It’s hard to talk about IBS (irritable bowel syndrome). It can seem like a trivial problem to people who’ve never experienced it, and as Brits, we have a hard time talking about bowels in the first place. I also can’t believe that just after starting this blog I’m going to start talking about my sad stomach – but I want to, because I know that the more people talk about things like IBS, the less stigma is attached to them, and the more likely you are to get a fast diagnosis and get better.
IBS isn’t, as some charmers have pronounced “just a stomach ache”. And it’s not made up either. Yes, people going on and on about gluten sensitivities and being allergic to non-organic wine can be annoying, but for me and many others, the problem is real.
About eighteen months ago I woke up as normal one Thursday and went into work. But by 10am I felt like someone was twisting a knife into my stomach harder and harder. I told my manager I was leaving, and barely made it the 10 minutes to Cannon Street station before I was sprinting to the disabled toilet and chucking my guts up. I stayed there for an hour, then made it home. What followed was a long weekend of absolute stomach and intestinal misery. I kept getting these stabbing pains – it was so much worse than the time I’d had food poisoning.
The following Wednesday I felt able to eat again, but over the next three or four weeks, the pains kept coming and going. On a trip to Amsterdam with my boyfriend, I spent quite a lot of time sitting in the park holding my stomach feeling too tired to do much else. I couldn’t believe that a simple stomach bug had had such a long-term impact.
What’s more, it kept going. Over the autumn, I lost weight because everything I ate seemed to pass straight through me. My hair was falling out and I was constantly tired and woozy. My stomach would bloat so much that in the evening I could be five inches fatter than in the morning. Right now, I am sitting at home having left work because my stomach was so painful it was making me feel shaky and sick.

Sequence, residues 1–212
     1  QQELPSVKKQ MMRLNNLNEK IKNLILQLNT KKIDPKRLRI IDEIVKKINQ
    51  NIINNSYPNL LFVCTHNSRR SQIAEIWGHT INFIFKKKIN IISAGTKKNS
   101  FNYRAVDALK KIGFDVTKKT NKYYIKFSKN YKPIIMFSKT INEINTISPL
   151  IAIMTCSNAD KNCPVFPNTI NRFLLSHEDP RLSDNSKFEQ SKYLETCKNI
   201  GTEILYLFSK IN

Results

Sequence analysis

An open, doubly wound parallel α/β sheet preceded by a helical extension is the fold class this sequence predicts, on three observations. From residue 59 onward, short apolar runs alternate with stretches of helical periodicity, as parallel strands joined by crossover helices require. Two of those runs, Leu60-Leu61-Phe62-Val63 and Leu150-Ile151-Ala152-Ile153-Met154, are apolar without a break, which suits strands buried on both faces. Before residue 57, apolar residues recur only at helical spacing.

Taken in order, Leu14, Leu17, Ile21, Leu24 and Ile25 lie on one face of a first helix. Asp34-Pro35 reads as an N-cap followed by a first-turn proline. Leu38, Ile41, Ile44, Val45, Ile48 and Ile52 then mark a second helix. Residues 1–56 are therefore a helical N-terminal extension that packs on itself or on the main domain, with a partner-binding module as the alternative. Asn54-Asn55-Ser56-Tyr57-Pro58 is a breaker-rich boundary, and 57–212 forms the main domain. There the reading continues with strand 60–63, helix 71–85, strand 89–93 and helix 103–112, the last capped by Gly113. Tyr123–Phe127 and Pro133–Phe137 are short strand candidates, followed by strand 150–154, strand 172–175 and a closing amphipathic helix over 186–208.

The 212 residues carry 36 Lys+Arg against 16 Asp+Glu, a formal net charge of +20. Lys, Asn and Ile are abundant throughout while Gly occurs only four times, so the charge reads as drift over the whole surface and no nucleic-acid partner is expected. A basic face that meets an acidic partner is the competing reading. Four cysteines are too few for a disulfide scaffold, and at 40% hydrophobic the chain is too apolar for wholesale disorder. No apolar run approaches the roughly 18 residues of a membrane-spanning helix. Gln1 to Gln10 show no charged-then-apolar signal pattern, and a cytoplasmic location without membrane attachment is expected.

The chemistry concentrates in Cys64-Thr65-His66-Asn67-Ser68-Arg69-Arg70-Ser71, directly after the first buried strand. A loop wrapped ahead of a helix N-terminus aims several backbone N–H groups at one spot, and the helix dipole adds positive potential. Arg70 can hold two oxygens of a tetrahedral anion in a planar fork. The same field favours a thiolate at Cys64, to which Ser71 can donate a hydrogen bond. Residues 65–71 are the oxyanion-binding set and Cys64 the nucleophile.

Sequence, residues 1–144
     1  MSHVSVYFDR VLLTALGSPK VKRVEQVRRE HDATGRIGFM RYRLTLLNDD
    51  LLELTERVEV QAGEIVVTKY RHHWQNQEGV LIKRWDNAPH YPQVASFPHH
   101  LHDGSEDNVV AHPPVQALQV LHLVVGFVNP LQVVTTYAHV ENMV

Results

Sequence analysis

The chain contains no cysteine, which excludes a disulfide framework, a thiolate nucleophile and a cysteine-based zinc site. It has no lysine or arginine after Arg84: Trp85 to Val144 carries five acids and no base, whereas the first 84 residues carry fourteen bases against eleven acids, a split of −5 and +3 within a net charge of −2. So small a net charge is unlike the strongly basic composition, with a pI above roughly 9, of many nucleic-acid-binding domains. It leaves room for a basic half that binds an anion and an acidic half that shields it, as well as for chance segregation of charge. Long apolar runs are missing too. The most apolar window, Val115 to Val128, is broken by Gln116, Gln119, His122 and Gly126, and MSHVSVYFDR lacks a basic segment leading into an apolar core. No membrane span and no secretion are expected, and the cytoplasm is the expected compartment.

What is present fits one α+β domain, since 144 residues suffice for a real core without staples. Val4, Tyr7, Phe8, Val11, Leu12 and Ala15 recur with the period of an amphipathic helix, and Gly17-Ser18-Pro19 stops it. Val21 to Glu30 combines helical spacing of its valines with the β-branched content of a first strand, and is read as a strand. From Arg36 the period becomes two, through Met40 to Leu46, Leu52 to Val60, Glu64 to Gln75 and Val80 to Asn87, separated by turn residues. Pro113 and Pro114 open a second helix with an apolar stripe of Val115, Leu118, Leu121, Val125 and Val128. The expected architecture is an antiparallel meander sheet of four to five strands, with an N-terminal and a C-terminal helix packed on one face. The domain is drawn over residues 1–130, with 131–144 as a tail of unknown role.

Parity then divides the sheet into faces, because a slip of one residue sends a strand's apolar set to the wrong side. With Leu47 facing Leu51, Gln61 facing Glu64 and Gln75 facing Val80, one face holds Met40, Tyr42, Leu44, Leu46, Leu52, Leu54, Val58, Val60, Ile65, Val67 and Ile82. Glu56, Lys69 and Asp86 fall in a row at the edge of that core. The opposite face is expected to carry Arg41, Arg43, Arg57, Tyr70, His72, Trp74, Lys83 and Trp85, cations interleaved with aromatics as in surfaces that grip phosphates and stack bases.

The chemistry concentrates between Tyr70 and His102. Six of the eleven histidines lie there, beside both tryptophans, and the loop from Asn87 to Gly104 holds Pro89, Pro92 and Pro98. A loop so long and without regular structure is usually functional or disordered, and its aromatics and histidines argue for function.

I went to doctors, I tried medications, I tried cutting out gluten, then dairy, then both. Nothing helped. Eventually, I was referred to an NHS dietician, who suggested I tried the FODMAPs diet.
According to scientists, the FODMAPs diet will help reduce symptoms in people who suffer from IBS. What is it? FODMAPs stands for Fermentable, Oligo-saccharides, Di-saccharides, Mono-saccharides And Polyols, which are a group of carbohydrates that scientists have pinpointed as foods that cannot be absorbed in the small intestine. They are fermented in the large intestine instead, which causes pain and bloating. Reducing FODMAPs has been shown to reduce IBS symptoms. (or at least, this is what the FODMAPS pamphlet I’ve been given has told me).
IBS can be difficult to diagnose because everyone has different triggers and different combinations of symptoms. The hope is that by following the FODMAPs diet, you cut out all the foods that could be a trigger for the IBS for eight weeks, and then you can introduce them one by one and work out which ones are causing problems for you.
It’s important to note that the FODMAPs plan is not a low carb plan – rice and potatoes are both considered fine. It’s also not a gluten free plan – some gluten containing foods are banned, but oats are allowed. It’s certainly not a fad diet that anyone would want to follow, it’s an extremely restrictive plan – especially for a vegetarian. The list of banned foods includes all beans and pulses, mushrooms, and various other vegetables which a vegetarian considers a staple. Also onions, which are in everything processed, so I’m going to have to make everything from scratch.
It’s going to be a hard couple of months, but I’m hoping that it will be worth it. I’m going to try and write an update about how it’s going every week, so please check back if you’re interested.